I recently came across an article titled 129 Archaeological Evidences For The Book Of Mormon that intends to put forth the best possible defense of the Book of Mormon in archaeological terms. I normally don’t like to venture into low-hanging fruit like this, but I needed some lighter fare after the exhausting work that was the Three Witnesses series.
That’s enough of an introduction. Let’s dive in.
1. Ancient Americans & Egyptians Used Hieroglyphs
By which, I have to assume they meant that the writing systems in both Ancient Egypt and Ancient America look sort of like a picture. The Maya are likely the only culture in Ancient America to develop a complete written language (ie, a language where I could write something completely original, hand it to you, and you could read it back verbatim), but their “hieroglyphs” are neither related nor similar in any way to Egyptian except that to English speakers they both look like languages built from pictures. Mayan script is actually more similar to Japanese than Egyptian; Mayan and Japanese are both syllable-based, whereas Egyptian hieroglyphs are more consonant based. Other ancient American languages (such as Aztec/Nahuatl) weren’t complete written languages, being mainly pictographic/ideographic, meaning they conveyed more abstract ideas rather than being a medium that you could just sit down and read like Harry Potter.
Mayan writing crops up in the archaeological record around 300 BC, but it didn’t reach maturity until around 250 AD. This does not jive at all with the story in the Book of Mormon, in which a fully literate society capable of writing and speaking in Hebrew and Egyptian arrived in 600 BC. Put another way, you wouldn’t even be able to write the Book of Mormon in Mayan until probably the 2nd century AD. The Book of Mormon is also quite specific that the Nephites wrote in “reformed Egyptian.” As I already mentioned, Mayan is absolutely in no way related to Egyptian – Mayan might as well be reformed Hungarian at that point. Mayan and Egyptian don’t even function the same way. This is an archaeological “miss” for the Book of Mormon that the article tries to spin into a hit.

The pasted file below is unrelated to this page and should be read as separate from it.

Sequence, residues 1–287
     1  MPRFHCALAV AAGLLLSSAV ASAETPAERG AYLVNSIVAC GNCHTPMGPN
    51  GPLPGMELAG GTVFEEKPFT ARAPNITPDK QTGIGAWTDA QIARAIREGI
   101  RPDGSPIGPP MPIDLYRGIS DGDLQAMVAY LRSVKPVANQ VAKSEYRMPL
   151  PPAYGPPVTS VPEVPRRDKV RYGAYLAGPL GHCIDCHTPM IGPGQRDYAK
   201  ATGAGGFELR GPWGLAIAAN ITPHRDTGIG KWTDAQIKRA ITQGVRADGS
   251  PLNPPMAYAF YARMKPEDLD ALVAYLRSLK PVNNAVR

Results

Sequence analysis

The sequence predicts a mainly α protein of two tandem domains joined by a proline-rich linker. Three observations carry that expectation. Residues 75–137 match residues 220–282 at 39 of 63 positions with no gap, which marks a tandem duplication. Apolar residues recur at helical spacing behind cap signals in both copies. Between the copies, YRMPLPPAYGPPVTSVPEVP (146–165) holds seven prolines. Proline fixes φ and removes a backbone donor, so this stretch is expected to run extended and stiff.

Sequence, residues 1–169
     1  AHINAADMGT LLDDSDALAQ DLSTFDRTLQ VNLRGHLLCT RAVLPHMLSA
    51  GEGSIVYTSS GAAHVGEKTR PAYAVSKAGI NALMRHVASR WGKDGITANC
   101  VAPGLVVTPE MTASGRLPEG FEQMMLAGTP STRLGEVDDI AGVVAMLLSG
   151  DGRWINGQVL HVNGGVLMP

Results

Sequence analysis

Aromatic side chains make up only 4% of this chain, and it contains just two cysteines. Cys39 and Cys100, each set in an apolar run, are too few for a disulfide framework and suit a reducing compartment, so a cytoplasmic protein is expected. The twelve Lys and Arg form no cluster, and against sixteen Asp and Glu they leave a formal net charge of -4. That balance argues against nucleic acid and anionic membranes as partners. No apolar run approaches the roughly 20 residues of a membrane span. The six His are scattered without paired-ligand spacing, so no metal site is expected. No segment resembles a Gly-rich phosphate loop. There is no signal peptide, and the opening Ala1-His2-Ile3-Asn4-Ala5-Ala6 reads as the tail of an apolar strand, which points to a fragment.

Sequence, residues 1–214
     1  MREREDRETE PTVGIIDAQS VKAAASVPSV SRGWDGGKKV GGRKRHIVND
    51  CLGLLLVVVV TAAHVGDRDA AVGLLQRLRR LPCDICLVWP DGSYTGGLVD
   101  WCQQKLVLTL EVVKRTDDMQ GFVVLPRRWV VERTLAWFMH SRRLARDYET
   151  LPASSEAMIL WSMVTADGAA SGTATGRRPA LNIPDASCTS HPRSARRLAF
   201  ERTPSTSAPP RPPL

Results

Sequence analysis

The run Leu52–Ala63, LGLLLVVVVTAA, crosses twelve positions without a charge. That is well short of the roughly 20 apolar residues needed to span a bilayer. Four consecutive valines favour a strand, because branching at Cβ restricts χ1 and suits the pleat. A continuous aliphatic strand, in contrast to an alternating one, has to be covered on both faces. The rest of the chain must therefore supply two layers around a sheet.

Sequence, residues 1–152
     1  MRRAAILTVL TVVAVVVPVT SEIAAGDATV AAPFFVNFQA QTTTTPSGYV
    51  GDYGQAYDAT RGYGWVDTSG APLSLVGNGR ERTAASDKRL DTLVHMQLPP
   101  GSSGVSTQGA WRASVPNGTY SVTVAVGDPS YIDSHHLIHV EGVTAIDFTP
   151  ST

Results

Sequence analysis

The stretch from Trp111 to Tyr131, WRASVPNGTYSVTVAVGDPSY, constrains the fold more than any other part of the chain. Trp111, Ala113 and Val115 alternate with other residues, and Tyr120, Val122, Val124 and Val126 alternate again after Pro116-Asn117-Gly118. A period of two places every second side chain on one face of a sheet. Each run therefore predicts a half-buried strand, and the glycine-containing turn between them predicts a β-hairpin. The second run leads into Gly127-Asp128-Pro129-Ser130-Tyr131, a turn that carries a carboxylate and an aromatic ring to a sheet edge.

I bring up Maya since it’s the only complete written language in ancient America, but the article doesn’t actually mention Maya, instead linking to a blog written by a “Biblical Anthropologist” that posits a connection between Egyptian glyphs and Mi’kmaq glyphs (the Mi’kmaq are a First Nations culture, so we’re not even in Mesoamerica anymore, now we’re in Canada). The Mi’kmaq writing system cannot be dated any earlier than the 17th century, and was originally mnemonic (meaning new compositions could not be constructed with it – it could only be used as a way to remember something, like a mnemonic device). It was likely based on earlier pictographs and petroglyphs, but it only became adapted as a writing system under the influence of a Roman Catholic missionary. Trying to use this as evidence that Mi’kmaq and Egyptian are somehow related is beyond ridiculous.
The article then proclaims “Other similarities between Near Eastern and Aztec language are currently being explored” and then links to hope-of-israel.org and mormoninterpreter.com for support. In the interest of time and space, I’ll leave the examination of those unbiased sources as an exercise for the reader.
2. Divine Sacrifice Required
Now the article abruptly moves us from 17th century First Nations culture to Late Preclassic to Early Classic period Mesoamerica to draw a new parallel, quoting a source saying: “They believed the gods were saviors (Christ figures) who died so humanity could live.” Following their link, I find they are quoting a book titled The Cosmic Ocean: New Answers to Big Questions by Paul K. Chappell. Let’s read a summary of that book from Amazon, just to get a feel for it:
The Cosmic Ocean shares the treasures that Paul K. Chappell, a West Point graduate and Iraq War veteran, who grew up in a violent household, has extracted from trauma. To explain how these treasures—which take the form of timeless truths—can help us solve our personal, national, and global problems, this book uses personal stories and extensive research to journey through time, around the world, and into every facet of the human condition.
This is where the authors of this article are drawing their research on Mesoamerican mythology. OK, are you still with me?
Reading the passage they quoted, Chappell is invoking Aztec mythology when he says the Gods are saviors of mankind. He in turn quotes a “Professor Grant Voth, who teaches mythology.”
In one version [the gods Tezcatlipoca and Quetzalcoatl] create the universe out of the dismembered body of the great earth mother… They tear her apart [and] everything that humans need comes from her body. Her hair becomes trees, flowers, and herbs. Her skin makes grasses and smaller flowers. Her eyes produce wells and springs and small caves. From her mouth come the great rivers and canyons. From her nose mountain ridges and valleys. She is still thus in the earth. She is the earth. And ancient Aztecs said you could hear her screaming at night, screaming for sacrificial flesh and blood that can soothe her, so that she can keep producing what humans need to survive…